Abbott v. Abbott

PETITIONER:Timothy Mark Cameron Abbott
RESPONDENT:Jacquelyn Vaye Abbott
LOCATION: Abbott Residence

DOCKET NO.: 08-645
DECIDED BY: Roberts Court (2009-2010)
LOWER COURT: United States Court of Appeals for the Fifth Circuit

CITATION: 560 US 1 (2010)
GRANTED: Jun 29, 2009
ARGUED: Jan 12, 2010
DECIDED: May 17, 2010

ADVOCATES:
Amy Howe – for the petitioner
Ginger D. Anders – Assistant to the Solicitor General, Department of Justice, for the United States, as amicus curiae
Karl E. Hays – on behalf of the respondent

Facts of the case

Timothy Abbott, a British citizen, and Jacquelyn Abbott, an American citizen, litigated their divorce in the Chilean courts. Mrs. Abbott was awarded custody of their son, while Mr. Abbott was awarded visitation rights. At Mrs. Abbott’s request, the Chilean court entered an order prohibiting the child’s removal from Chile by either the father or mother without express mutual consent. One year later, Mrs. Abbott moved the child from Chile without Mr. Abbott’s consent. Upon location of the child in Texas, Mr. Abbott requested an order in a Texas federal district court that the child be returned to Chile pursuant to the Hague Convention on the Civil Aspects of International Child Abduction. The district court denied the order holding that the child’s removal did not constitute a breach of the father’s “rights of custody” as defined by the Hague convention.

On appeal, the U.S. Court of Appeals for the Fifth Circuit affirmed, holding that the Chilean court’s order and Chilean statute that required father’s consent before the child could leave Chile did not give a non-custodial father “rights of custody” within the meaning of the Hague Convention. The court stated that Mr. Abbott merely possessed the rights of “access to the child.”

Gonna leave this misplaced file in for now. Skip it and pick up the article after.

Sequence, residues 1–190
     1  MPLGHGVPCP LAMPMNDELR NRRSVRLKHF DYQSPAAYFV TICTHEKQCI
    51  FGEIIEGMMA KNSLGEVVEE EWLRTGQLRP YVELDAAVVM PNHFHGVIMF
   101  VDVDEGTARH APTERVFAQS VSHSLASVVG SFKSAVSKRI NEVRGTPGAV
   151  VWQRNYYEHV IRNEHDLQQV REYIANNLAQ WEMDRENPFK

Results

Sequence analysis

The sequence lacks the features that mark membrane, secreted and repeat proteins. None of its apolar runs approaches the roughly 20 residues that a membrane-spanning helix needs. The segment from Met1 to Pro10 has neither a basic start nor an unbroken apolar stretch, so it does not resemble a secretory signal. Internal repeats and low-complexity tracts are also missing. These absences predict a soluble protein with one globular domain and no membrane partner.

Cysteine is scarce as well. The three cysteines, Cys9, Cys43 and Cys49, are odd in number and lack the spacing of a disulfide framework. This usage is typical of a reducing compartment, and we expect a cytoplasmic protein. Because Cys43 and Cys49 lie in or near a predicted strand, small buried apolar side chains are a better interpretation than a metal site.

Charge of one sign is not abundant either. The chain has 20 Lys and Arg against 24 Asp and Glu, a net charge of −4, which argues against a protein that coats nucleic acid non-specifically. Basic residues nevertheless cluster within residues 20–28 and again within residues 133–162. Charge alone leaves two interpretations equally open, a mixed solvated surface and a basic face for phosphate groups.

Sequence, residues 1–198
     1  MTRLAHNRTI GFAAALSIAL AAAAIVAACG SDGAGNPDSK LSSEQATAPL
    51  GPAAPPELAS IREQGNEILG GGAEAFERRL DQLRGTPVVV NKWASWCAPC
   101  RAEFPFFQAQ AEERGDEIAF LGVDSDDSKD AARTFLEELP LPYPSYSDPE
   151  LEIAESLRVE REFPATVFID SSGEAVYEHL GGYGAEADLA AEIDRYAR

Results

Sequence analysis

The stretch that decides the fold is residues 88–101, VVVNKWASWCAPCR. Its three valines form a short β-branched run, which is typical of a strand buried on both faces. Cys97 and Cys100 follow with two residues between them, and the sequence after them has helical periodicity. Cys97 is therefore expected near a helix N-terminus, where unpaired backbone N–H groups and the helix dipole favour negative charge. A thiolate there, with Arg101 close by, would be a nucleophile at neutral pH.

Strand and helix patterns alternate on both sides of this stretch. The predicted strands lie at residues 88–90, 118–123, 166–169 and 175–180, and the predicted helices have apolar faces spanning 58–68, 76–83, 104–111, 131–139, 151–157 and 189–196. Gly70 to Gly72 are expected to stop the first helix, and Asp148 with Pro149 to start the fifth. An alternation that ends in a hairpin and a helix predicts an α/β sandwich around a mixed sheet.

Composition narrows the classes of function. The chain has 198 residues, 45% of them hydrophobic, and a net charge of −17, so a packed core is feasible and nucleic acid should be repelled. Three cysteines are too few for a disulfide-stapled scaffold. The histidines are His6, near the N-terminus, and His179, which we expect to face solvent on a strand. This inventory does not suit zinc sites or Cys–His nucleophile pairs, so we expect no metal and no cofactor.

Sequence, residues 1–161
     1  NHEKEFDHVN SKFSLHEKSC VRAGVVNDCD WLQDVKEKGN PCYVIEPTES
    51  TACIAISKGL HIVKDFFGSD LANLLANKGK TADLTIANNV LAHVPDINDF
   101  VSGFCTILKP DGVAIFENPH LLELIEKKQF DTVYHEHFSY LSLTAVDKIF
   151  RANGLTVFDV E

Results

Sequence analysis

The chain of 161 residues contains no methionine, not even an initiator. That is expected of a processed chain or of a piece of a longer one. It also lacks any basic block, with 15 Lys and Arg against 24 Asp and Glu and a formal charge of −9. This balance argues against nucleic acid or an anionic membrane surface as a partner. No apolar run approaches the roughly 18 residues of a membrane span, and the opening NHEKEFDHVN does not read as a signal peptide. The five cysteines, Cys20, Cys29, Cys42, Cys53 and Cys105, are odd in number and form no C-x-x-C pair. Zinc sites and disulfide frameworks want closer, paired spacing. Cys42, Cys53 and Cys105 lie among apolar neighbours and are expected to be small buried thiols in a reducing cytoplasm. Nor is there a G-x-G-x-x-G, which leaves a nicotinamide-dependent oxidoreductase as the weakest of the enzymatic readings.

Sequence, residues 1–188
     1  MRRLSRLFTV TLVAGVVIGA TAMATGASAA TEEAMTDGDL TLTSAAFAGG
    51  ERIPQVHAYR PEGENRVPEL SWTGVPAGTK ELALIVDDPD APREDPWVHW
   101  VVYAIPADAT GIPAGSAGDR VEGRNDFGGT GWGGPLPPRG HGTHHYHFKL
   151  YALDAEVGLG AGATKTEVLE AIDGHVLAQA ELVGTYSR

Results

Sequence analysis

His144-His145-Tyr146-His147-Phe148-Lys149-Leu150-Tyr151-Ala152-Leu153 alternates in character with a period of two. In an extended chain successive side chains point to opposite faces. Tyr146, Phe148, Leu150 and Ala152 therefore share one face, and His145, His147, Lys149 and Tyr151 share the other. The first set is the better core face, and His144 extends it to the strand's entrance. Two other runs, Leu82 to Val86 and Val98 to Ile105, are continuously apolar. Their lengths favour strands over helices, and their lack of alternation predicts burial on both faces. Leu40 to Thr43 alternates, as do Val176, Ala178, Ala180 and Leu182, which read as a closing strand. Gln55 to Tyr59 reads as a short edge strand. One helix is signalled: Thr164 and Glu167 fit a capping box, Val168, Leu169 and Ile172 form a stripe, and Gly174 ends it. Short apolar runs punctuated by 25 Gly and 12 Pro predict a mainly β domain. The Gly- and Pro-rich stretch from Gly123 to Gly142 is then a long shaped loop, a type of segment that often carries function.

Question

Does a clause that prohibits one parent from removing a child from a country without the other parent’s consent confer a “right of custody” within the meaning of the Hague Convention on International Child Abduction?

Media for Abbott v. Abbott

Audio Transcription for Oral Argument – January 12, 2010 in Abbott v. Abbott

Audio Transcription for Opinion Announcement – May 17, 2010 in Abbott v. Abbott

John G. Roberts, Jr.:

Justice Kennedy has the opinion of the court this morning in three cases.

Anthony M. Kennedy:

The first case is 08-645, Abbott versus Abbott.

Mr. and Mrs. Abbott moved to Chile with their young son.

Now, there was marital discord.

The couple separated.

The Chilean courts granted the mother daily care and control over the boy while awarding the father regular visitation rights.

The Chilean law also conferred upon the father ne exeat right.

Now, a ne exeat right allows a parent, and here it was father, to consent before the other parent can take the child out of the country.

This right was of no avail however, the mother took the boy out of Chile without the father’s consent and this abduction violated the father’s ne exeat right.

Both parents, both parties agree on that point.

The father found Ms. Abbott and the boy in Texas.

The father brought this suit in United States District Court.

He sought an order requiring his son’s return to Chile under the Hague Convention on the Civil Aspects Of International Child Abduction.

Now that convention is a treaty to which the United States is a party.

Congress has implemented it by statute.

The District Court denied the father’s requested remedy.

The Court of Appeals for the Fifth Circuit affirmed.

Both parties agree too that the convention applies to this dispute, and that’s because the boy is under 16 years old.

He was a habitual resident of Chile and both Chile and United States are contracting parties to the convention.

The disagreement concerns how to interpret a key provision in the convention and that phrase is Rights of Custody and the question becomes whether or not the ne exeat right is also a right of custody under the convention.

If the ne exeat right that the father has is a right of custody then the father may assert a return remedy in the United States Courts.

On this theory the Trial Court would have to issue an order directing that the child be returned to Chile unless certain exceptions apply.

This Court’s inquiry is shaped by the text of the convention, the views of the United States Department of State, decisions addressing the meaning of Rights of Custody and courts of other contracting states and the purposes of the convention and after considering these sources the Court determines that the father’s ne exeat right is a right of custody under the convention.